Accompanying the opening credits of "Dolphin Tale" is an underwater montage of dolphins freely swimming in their natural habitat. It should be majestic to behold, but is ruined by the unsightly use of computer-generated sea creatures in the place of the real thing. As technology has supposedly gotten better, it is amazing how far cinema has fallen and how lazy filmmakers have gotten. Did 1993's "Free Willy" use fake killer whales? No. So why would it have been so difficult to capture authentic footage of dolphins going about their oceanic business? Fortunately, this egregious incorporation of CG effects take a vacation soon after as the story proper takes hold. From there, the film's biggest offense is just how formulaic and on-the-nose it tends to be. Adults will be able to predict the conclusion long before it arrives, though, it should be said, the restraint used in avoiding a romance between Sawyer's single mom and Hazel's widower father is pleasantly surprising. As obligatory narrative happenings mount—there's a category one hurricane that sweeps through, several failed attempts at putting a prosthesis on Winter, and a climactic fundraiser carnival—it is the quieter moments that give the picture its down-to-earth grace. A scene where Sawyer drags his mom to the marine hospital and she sees him light up like he never has before is quietly and simply affecting. So is a would-be sappy part where they realize how much handicapped children seem to relate to and benefit from Winter. The friendship that develops between Sawyer and the more outspoken Hazel is also sweetly understated. There's a great moment when they discover their loss of a parent is a shared commonality between them. Sawyer's father walked out on his family ("he never calls or writes"), while Hazel's mother passed away. "My mom died when I was seven," she explains, and then says with a bittersweet smile, "Never calls, never writes."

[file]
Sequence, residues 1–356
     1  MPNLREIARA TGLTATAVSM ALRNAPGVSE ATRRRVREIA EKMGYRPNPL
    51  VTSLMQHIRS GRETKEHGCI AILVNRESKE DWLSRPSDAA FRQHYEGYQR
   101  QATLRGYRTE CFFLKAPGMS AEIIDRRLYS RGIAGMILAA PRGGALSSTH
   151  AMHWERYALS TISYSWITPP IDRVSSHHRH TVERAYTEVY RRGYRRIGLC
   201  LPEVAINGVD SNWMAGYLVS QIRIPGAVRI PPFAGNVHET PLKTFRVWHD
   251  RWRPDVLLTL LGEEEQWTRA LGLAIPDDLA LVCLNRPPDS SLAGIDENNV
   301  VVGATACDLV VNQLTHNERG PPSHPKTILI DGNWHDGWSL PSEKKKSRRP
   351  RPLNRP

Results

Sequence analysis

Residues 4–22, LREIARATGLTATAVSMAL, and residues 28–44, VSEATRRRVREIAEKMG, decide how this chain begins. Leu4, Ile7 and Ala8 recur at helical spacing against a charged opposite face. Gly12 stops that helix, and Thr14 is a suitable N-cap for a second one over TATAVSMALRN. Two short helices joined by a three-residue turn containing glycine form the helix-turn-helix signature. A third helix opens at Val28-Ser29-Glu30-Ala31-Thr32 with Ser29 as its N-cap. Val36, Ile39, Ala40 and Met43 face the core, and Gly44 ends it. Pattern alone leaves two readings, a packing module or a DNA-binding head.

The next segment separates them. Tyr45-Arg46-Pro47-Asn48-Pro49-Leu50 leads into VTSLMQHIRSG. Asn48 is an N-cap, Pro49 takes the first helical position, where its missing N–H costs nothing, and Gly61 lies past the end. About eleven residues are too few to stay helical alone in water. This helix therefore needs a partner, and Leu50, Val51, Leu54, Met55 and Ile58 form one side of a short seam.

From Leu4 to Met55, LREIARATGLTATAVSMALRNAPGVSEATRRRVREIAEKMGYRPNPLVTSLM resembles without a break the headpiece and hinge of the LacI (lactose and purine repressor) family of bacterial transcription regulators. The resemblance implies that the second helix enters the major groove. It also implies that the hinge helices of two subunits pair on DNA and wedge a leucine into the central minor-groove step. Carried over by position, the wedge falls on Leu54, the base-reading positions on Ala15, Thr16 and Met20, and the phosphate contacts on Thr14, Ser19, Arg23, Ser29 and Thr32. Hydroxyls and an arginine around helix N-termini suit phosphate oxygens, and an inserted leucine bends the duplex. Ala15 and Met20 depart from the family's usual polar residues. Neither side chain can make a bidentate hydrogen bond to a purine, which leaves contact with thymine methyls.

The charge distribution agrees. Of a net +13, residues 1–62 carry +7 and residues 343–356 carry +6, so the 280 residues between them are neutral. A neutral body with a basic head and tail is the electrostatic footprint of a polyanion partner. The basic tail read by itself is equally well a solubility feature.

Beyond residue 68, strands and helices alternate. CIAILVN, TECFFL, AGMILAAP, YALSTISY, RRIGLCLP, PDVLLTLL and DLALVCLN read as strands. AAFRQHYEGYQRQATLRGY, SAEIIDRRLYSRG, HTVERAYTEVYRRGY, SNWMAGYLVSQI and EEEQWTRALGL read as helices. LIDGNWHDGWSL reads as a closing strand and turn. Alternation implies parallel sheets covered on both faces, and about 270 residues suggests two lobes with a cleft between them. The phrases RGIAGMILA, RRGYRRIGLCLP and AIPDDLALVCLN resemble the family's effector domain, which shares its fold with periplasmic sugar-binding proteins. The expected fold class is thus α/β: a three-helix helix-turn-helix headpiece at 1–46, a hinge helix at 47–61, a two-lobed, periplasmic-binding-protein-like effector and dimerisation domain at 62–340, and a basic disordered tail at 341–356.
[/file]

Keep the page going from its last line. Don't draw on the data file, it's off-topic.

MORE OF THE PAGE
The usually blond-haired Nathan Gamble (2008's "Marley & Me") receives a brunette dye job as Sawyer, the young actor perhaps overestablishing his character's timidity early on before both he and his on-screen role simultaneously come into their own. His enthusiasm and love for Winter is particularly never in doubt, and this—along with his respective relationships to Hazel, mom Lorraine, and cousin Kyle—are what carry things through the plot's more familiar devices. Newcomer Cozi Zuehlsdorff is quite a find as Hazel, her relative inexperience an advantageous trait to go along with her self-assured naturalism. She and Gamble don't get to explore the same level of depth, but their interplay positively reminds on occasion to the lovely bond between Elijah Wood and Thora Birch in 1991's sublime "Paradise." Adult parts are more workmanlike, though Ashley Judd (2010's "Tooth Fairy") manages to transcend the relatively thankless Lorraine with a bout of touchingly real motherly affection and Morgan Freeman (2010's "Red") brings dignity and warmth to the sympathetic Dr. McCarthy.
The last half-hour of "Dolphin Tale" is more or less a waiting game for all the various problems to work themselves out, but director Charles Martin Smith treats them with an honesty that befits something children will be able to learn from. Sure, the film has plenty that could be done without, not the least being a pointless, far-fetched interlude involving a runaway remote-control helicopter that feels like it has come from a completely different movie, but the solid-hearted earnestness and attention to people and animals over slapstick and inappropriate humor evens the wrongs out. As Sawyer and Winter swim peacefully together in the final scene—an embodiment of pure, untainted love between man and animal—the results are kind of beautiful. Curmudgeons could probably pick it apart 'til the cows come home, but "Dolphin Tale" is exceedingly hard to dislike.